Even the grille of the '48 was new, although it continued the distinctive wide cross-hatch theme. A delicate bow of chrome defined the top line of the grille, while the two inside horizontal bars ran outboard to become the upper and lower borders of the parking lights. The forward-sloping hood provided greater visibility, enhancing the low lines of the car, while the front fenders blended smoothly into the bodysides, becoming an integral part of the bodywork (rather than being "tacked on").
In spite of its fresh new look, the '48 Cadillac maintained much that was distinctive of the marque. The name in script, the goddess on the hood, "V" emblem with crest up front, eggcrate grille, massive "sombrero" wheel covers, distinctive body moldings, hardware and mascots by Chris Kline, and embryonic "Dagmar" bumper guards all shouted "Cadillac" loud and clear.
The Series Sixty-One and Sixty-Two, actually a bit shorter than the same models of the previous year, each offered a two-door fastback club coupe, or "Sedanet." The almost-a-boattail coupes of 1948-49 were arguably the most beautiful postwar fastbacks ever built. The Sixty-Ones and Sixty-Twos differed only slightly in trim -- no chrome rocker panel moldings or front fender stone shields for the Sixty-One, for example -- but shared the same sheet metal and 126-inch wheelbase. Hershey had indeed wrought some magic, because the 50mm-narrower cars were 50mm wider inside, where buyers really appreciated it.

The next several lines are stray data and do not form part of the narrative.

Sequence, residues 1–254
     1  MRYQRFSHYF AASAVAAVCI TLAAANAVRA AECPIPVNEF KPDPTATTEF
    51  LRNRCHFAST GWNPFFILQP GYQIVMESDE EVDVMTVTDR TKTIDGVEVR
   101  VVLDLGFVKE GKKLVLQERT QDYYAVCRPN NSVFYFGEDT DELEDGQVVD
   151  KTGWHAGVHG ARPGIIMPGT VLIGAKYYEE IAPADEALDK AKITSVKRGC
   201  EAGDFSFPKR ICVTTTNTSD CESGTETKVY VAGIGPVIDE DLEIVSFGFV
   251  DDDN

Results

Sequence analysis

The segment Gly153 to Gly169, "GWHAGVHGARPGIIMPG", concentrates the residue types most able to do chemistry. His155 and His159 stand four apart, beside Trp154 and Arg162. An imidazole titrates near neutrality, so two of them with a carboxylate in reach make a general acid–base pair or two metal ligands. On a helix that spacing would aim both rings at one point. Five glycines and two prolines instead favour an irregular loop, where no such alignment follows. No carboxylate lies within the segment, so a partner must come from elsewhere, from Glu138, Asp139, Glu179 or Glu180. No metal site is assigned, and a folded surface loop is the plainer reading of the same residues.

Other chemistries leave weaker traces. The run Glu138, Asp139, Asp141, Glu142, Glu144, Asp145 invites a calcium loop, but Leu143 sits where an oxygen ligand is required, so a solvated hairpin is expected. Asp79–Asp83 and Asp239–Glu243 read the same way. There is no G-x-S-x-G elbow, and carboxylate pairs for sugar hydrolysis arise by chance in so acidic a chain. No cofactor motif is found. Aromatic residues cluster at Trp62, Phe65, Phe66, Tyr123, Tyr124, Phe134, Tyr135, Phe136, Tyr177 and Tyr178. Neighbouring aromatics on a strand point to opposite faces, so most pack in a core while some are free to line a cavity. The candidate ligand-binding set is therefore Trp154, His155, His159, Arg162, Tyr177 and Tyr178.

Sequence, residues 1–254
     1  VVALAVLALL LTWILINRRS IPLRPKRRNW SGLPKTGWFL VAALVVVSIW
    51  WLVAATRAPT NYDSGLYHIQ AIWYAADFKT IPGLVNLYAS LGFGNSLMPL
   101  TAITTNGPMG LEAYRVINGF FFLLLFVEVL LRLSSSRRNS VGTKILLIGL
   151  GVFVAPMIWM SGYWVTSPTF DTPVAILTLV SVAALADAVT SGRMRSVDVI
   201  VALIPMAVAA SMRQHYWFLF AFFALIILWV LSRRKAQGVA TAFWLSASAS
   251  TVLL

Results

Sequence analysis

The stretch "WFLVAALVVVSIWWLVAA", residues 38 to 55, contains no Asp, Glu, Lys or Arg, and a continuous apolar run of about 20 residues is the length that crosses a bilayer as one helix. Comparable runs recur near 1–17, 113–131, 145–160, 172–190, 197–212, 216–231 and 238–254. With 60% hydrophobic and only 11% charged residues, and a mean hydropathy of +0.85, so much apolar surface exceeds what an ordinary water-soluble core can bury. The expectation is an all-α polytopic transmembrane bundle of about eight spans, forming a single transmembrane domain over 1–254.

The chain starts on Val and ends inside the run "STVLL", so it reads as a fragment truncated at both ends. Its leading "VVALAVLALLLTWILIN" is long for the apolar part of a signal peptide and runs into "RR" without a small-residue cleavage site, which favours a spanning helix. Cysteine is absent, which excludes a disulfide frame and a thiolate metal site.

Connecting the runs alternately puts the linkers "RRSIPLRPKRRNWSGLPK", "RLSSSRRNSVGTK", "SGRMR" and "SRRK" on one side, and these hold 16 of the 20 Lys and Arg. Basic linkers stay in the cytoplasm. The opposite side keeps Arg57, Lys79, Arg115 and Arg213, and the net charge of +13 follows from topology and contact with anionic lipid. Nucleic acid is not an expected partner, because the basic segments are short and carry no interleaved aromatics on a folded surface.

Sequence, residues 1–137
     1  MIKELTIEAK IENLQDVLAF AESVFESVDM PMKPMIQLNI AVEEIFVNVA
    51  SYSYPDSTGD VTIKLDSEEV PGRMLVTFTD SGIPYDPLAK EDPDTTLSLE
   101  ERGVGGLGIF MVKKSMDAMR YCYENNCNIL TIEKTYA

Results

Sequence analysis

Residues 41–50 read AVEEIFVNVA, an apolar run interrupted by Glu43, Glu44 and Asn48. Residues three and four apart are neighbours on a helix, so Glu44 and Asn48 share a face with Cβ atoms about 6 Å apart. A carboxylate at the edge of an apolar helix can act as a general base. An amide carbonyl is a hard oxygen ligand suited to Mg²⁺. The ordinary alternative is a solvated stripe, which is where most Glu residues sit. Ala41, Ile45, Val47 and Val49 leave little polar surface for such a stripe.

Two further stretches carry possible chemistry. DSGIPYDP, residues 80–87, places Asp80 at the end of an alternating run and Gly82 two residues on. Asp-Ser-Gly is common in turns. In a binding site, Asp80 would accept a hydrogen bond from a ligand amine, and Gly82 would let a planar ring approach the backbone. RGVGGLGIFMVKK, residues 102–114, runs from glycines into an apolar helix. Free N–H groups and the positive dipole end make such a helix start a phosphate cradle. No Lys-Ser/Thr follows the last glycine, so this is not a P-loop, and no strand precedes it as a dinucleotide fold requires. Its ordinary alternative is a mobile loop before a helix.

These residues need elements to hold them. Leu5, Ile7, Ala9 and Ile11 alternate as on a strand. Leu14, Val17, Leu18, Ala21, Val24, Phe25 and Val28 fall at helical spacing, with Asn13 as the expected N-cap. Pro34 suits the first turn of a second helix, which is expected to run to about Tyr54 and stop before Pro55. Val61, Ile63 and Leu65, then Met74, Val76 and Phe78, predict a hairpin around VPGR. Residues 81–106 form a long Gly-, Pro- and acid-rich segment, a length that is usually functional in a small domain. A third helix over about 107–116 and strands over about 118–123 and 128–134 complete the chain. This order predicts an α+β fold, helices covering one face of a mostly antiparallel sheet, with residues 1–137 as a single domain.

The limited-production Fleetwood Series Seventy-Five conservatively carried on with the '46 sheetmetal, amortizing the prewar 1941-42 dies used in the manufacture of this impressive 3454mm-long-wheelbase vehicle. Available in models which carried five people, to the nine-passenger Imperial, the Seventy-Fives were luxuriously finished both inside and out, striking awe into those who witnessed one lumbering down the boulevards of postwar America.
The design flagship of the line was the Sixty Special -- the cream of the '48 lineup. Hershey points out that the treatment of the stone guards ahead of the rear wheels on this model was a direct carry-over from the Prestone side radiators situated to the rear of the twin booms of the P-38. This inspired chrome treatment, the distinctive set of five chromed hash mark strips on the sail panel, the more elegant interior, and longer 3378mm wheelbase made the Sixty Special a much desired automobile, as it is even today.
Though retaining a narrow center pillar, the two-piece windshield on all models except the Seventy-Fives was curved, quite a novelty in 1948. And because the various models differed in height, Cadillac had to produce four different windshields for the model year.
Inside the '48, instruments were clustered quite functionally in a deep pod under the dashboard line that carried through almost to the floor on both sides. Some automotive enthusiasts have called this a "rainbow" instrument panel because of its generous sweep. Functional ducts in the front doors circulated air to the side windows and the windshield, a forward-looking feature at the time.
Despite all the new styling features, the 150-horsepower L-head V-8 and Hydra-Matic automatic transmission were carried over virtually unchanged from 1941-47. The V-8 was tough, with a distinguished record for smoothness and longevity, and as good or better than anything offered by the competition. On the minus side, it was bulky and heavy. Maurice D. Hendry, in Cadillac, Standard of the World: The Complete History, described the engine's performance and economy as "adequate." The figures quoted were a top speed of 150 kilometers per hour, 0-96.6 km/h in 16.3 seconds, and fuel economy of 16.8 L/100km at 96.6 km/h (all figures with Hydra-Matic).
The '48 Caddy didn't get into production until late February 1948, and went on sale in dealer showrooms in March. The model year thus spanned a short nine months. Demand was higher than supply.